Last week, LPGA*USGA Girls Golf member Claire Hollingsworth, a 14-year-old freshman at St. Benedict of Auburndale in Memphis, teed off with her teammates in the Tennessee High School Championship. When she had an opportunity to speak to her idol, Lydia Ko, on Wednesday at the Drive On Championship, Claire asked what a lot of girls her age and size (she stands 4’9”) would:
“I need much more distance on my drives to compete with the better-scoring girls and I need to get stronger,” Hollingsworth said. “I read a recent article about you and how your workouts have changed. What advice would you give to a petite person like myself to create more distance?”
Ko, who won her first LPGA Tour event when she was a few months older than Claire, said, “Everybody goes about their own different routines. Bryson DeChambeau has a very significant way he's gone about doing his to gain strength and gain length. And he’s been very successful at it. For me, I've been just trying to work with my trainers and make sure that I'm stronger both in the lower body and the upper body. For me, personally, I felt like I could gain a lot more muscle and get stronger in the lower body, but I was struggling a little bit more with my upper body. So, we were focusing on what areas that I personally need to work on. Obviously, that's different from me to you.
“But I think a lot of people are saying, ‘okay, the longer the better.’ Yes, obviously if you hit it long and straight that's great, but I think it's also important that you play your own game. We have so many champions, like Mo Martin. She's not the longest driver but she is an (AIG) Women's Open champion. You’ve got to play to your own game. Obviously being longer is great and getting physically stronger so that you're not going to get as many injuries down the road. But I think if you play within your strengths, you're still able to compete at a very high level.”
Great advice. But even better were the circumstances that led to the question.
Claire is the latest inspiration, and the first non-LPGA Tour player whose Drive On story, entitled “Small but Mighty” has been shared with the public.
Born in Hunan province in China, Claire was one of the million or more infant girls abandoned during China’s one-child policy. She was placed in a wooden box and left near an orphanage. At 9-months old, as she says, “I was adopted by a golf-loving family.” Claire is one of the “lucky girls,” an English phrase that millions of non-English-speaking Chinese say of the children who are adopted into loving homes.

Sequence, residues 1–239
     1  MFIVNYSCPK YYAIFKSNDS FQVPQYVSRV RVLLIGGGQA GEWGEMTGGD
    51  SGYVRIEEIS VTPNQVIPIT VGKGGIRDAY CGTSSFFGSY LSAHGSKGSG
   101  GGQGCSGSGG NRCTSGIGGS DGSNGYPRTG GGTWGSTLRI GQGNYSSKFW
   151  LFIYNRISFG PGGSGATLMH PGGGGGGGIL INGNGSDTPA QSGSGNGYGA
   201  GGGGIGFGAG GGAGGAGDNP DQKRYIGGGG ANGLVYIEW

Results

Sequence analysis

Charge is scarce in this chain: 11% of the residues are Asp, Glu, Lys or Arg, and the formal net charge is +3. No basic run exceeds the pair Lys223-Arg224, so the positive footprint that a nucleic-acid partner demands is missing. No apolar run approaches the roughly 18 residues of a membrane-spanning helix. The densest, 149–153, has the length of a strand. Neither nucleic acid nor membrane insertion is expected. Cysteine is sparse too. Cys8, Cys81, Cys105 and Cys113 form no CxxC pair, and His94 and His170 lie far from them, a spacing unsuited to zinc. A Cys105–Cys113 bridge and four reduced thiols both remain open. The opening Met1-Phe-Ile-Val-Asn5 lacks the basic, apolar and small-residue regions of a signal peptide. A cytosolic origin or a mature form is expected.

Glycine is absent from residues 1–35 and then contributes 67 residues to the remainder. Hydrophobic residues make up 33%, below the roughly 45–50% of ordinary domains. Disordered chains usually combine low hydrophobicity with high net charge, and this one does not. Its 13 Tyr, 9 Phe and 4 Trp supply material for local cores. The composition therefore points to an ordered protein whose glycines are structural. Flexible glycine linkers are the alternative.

It is one of the simplest and truest translations you will find. The adopted girls from China have grown into a community of adored young women.
But thousands of girls were not so lucky.
I know. Our daughter, Liza, was born in Jinning, a coal-mining town in south-central China in the mountains just north of Laos. Like Claire, Liza was placed on stairs outside a building. Like Claire, Liza was taken to an orphanage. And like Claire, Liza was adopted by a golf-loving family. Ours.
We picked up Liza at a Kodak store in China in April of 2002. Like so many aspects of our adoption journey, we weren’t quite sure what was happening. I thought some other parent in our group had forgotten a camera. Then a bus pulled up and a dozen nannies got out carrying children. Liza, who was 16 months old at the time, was placed on the floor in front of us, and without so much as a “good luck,” the nanny turned on a heel and was gone.
Not only had Liza never seen a Caucasian person (my wife is blonde, which made her a unicorn in China at that time), Liza had never ridden in a car, eaten in a restaurant, flown in a plane or ridden in an elevator – all of which we subjected her to within 48 hours. You can imagine how she reacted.
Today, she plays golf at Rollins College in Winter Park, Florida. She has a shelf full of trophies, a treasure-trove of friends and a lifetime of memories developed through her family and from the game of a lifetime.
Also, like the Hollingsworths, we took our daughter back to the country of her birth. We went in 2009 where people from the orphanage and foster village in Yunnan province welcomed us with open arms. They fed us, took us to a local music venue and threw a party where we introduced the locals to country music and line dancing. But the reality of life set in as the afternoon wound down. One of the older girls in the village asked a nanny, “Those girls, they’re just like me? They were here, just like me?” When the nanny confirmed that our daughters had, indeed, been in the same orphanage, perhaps at the same time as the girl who asked, the teenager broke away from the others and got onto our bus. She latched onto one of the support poles and wouldn’t let go, crying hysterically as she was removed.
It was a quiet ride back to the hotel and a long and reflective flight home.
“We did go back (to China) last year,” Claire said on Wednesday. “We went to four different provinces and we went back to my hometown to see the orphanage where I came from. They turned it into a special-needs home and that was really nice to see. We donated box fans because they don't have air conditioning.
“You don't always get to choose what you do. Sometimes it's just something that you are born into and you have to do that thing. Sometimes, you don't have an option.”
Drive On has never been a tagline. It wasn’t created as a marketing campaign or a strategy statement. The LPGA didn’t launch Drive On or the Drive On Championships to burnish the brand or embed a slogan. Nobody set out to create women’s golf’s version of “Coke Is It.”
Drive On is about Claire’s story, and thousands just like it - stories that transcend professional golf; that transcend sports itself.
Drive On, Claire Hollingsworth. Small but mighty, indeed.